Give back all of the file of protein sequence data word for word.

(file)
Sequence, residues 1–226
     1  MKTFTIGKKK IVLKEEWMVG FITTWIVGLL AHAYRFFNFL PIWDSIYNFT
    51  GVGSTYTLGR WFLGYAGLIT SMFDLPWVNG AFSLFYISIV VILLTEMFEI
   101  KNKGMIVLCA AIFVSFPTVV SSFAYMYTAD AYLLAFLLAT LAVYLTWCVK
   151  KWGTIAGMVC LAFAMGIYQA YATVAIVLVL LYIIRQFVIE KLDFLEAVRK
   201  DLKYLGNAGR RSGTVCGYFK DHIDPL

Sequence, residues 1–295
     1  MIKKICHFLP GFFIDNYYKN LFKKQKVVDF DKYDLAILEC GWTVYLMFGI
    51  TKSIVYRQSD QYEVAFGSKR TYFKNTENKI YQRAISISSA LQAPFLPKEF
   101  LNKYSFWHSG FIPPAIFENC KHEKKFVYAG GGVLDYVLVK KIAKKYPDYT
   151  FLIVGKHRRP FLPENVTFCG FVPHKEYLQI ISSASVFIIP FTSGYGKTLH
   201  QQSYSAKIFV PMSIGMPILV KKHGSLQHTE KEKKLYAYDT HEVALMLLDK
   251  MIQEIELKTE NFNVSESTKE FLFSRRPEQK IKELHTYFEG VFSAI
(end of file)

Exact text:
Sequence, residues 1–226
     1  MKTFTIGKKK IVLKEEWMVG FITTWIVGLL AHAYRFFNFL PIWDSIYNFT
    51  GVGSTYTLGR WFLGYAGLIT SMFDLPWVNG AFSLFYISIV VILLTEMFEI
   101  KNKGMIVLCA AIFVSFPTVV SSFAYMYTAD AYLLAFLLAT LAVYLTWCVK
   151  KWGTIAGMVC LAFAMGIYQA YATVAIVLVL LYIIRQFVIE KLDFLEAVRK
   201  DLKYLGNAGR RSGTVCGYFK DHIDPL

Sequence, residues 1–295
     1  MIKKICHFLP GFFIDNYYKN LFKKQKVVDF DKYDLAILEC GWTVYLMFGI
    51  TKSIVYRQSD QYEVAFGSKR TYFKNTENKI YQRAISISSA LQAPFLPKEF
   101  LNKYSFWHSG FIPPAIFENC KHEKKFVYAG GGVLDYVLVK KIAKKYPDYT
   151  FLIVGKHRRP FLPENVTFCG FVPHKEYLQI ISSASVFIIP FTSGYGKTLH
   201  QQSYSAKIFV PMSIGMPILV KKHGSLQHTE KEKKLYAYDT HEVALMLLDK
   251  MIQEIELKTE NFNVSESTKE FLFSRRPEQK IKELHTYFEG VFSAI